Damian Kulash: Don't Let The Internet Go The Way Of The Music Industry : The Record OK Go's frontman compares major internet players to major labels, and he says it's not a good look.
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Damian Kulash: Don't Let The Internet Go The Way Of The Music Industry

Dimitri Hakke/Redferns/Getty Images
Damian Kulash sings with OK Go.
Dimitri Hakke/Redferns/Getty Images

OK Go makes smart videos and disseminates them smartly. And lead singer Damian Kulash is kind of a smart guy -- witness his op-ed piece in Sunday's Washington Post. He seems to have a pretty good idea of what's going on at the Federal Communications Commission with regard to the FCC's efforts to strengthen its oversight of Internet access.

But his real insight is his comparison of the path the major players are following on the Internet and the disastrous route the major record labels traveled as they grappled with file-sharing and struggled to come up with a new business model in the Internet age -- a model they have yet to successfully design.

"Let me tell you why I take this so seriously, and so personally. I've spent a decade working in the music industry, a business in which the big guys block out the rest of us. Creativity and innovation take a distant back seat to money, and everyone loses, even the big guys themselves. They have insulated themselves from change for so long, they've dug their own grave."

Kulash continues.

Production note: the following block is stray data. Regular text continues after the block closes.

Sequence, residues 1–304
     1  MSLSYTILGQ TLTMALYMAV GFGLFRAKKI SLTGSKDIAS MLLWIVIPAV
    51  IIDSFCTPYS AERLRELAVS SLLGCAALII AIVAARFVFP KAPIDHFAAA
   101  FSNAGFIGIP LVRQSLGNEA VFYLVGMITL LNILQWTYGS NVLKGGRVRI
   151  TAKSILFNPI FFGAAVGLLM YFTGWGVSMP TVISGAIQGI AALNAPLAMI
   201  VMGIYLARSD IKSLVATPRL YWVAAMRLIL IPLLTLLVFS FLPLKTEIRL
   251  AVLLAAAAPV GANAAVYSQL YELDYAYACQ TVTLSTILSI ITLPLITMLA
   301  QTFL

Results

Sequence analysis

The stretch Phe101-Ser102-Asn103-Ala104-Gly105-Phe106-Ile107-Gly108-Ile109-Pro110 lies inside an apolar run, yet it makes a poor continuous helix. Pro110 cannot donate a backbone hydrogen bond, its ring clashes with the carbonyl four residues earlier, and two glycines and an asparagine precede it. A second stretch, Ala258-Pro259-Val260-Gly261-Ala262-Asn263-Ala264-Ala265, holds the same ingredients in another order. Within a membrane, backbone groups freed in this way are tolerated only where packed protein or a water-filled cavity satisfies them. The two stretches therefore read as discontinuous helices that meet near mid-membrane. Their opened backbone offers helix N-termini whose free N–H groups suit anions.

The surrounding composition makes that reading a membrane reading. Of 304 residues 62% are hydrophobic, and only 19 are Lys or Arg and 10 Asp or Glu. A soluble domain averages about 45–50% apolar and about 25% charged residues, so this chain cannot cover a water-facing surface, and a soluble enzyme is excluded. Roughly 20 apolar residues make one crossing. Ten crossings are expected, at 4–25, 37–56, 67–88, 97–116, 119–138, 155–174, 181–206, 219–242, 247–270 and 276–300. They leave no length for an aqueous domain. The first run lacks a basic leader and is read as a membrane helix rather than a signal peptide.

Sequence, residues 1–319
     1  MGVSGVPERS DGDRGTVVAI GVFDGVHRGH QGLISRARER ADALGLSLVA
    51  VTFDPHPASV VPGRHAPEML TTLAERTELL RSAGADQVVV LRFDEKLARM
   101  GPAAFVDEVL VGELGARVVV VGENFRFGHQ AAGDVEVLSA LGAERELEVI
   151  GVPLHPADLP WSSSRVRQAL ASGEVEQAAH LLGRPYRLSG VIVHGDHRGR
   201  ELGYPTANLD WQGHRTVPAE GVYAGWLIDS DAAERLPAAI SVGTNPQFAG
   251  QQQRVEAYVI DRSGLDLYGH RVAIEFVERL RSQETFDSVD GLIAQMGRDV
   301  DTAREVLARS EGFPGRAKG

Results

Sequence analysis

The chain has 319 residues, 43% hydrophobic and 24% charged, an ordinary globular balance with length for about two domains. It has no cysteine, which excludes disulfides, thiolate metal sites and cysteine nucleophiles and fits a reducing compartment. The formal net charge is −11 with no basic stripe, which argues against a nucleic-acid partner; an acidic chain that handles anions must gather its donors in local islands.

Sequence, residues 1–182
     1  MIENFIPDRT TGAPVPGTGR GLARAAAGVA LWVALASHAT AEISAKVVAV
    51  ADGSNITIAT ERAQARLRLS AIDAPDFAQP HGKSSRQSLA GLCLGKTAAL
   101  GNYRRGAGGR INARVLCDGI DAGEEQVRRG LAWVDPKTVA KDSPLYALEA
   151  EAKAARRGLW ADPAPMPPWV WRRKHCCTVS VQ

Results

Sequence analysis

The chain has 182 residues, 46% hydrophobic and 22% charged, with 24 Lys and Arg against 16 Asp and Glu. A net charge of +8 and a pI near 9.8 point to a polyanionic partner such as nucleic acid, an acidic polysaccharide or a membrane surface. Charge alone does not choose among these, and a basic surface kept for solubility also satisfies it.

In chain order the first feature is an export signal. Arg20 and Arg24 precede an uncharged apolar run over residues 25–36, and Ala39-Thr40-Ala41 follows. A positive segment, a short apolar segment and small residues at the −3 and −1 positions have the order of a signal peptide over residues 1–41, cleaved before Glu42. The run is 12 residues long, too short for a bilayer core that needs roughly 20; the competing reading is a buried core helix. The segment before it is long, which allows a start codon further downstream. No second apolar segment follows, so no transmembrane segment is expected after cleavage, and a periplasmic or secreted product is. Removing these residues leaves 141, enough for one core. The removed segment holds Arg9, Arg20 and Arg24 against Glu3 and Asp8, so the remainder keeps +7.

"...the past decade of the music industry is as clear an example as you can find of what happens when the depth of pockets, not the quality of ideas, is the arbiter of success. It's been like a corporate version of the Three Stooges: absurd flailing, spectacular myopia and willful ignorance of reality. Now that the big record companies have made themselves obsolete, bands such as mine can make a better living without their help than we can with it."

OK Go used to record for a major label and the relationship had its pros and cons, to put it politely, according to the band. Earlier this year, Kulash concluded his band's "open letter" to fans with this:

"So, for now, here's the bottom line: EMI won't let us let you embed our YouTube videos. It's a decision that bums us out. We've argued with them a lot about it, but we also understand why they're doing it. They’re aware that their rules make it harder for people to watch and share our videos, but, while our duty is to our music and our fans, theirs is to their shareholders, and they believe they’re doing the right thing."

So the band thumbed its collective nose at its label and provided fans with the embed code for the "This Too Shall Pass" video. And a few months later, OK Go split with EMI to form its own label.

In Sunday's op-ed piece, Kulash points out that good ideas can lead to financial success and cites Google as an example. And there was a time when the major labels took chances on unknowns with unique sounds -- i.e. new ideas. But as the labels became bigger and bigger corporations, they became more and more risk-averse -- more beholden to stockholders than consumers with eager ears.

Kulash's concern -- and that of a lot of people -- is that, as the Internet grows in income-generating potential, it will move away from the excitement and risk of new ideas and infinite possibilities and toward a place that's been trod before: where the sure thing trumps risk -- and creativity is squashed rather than built upon and, dare we say it, capitalized.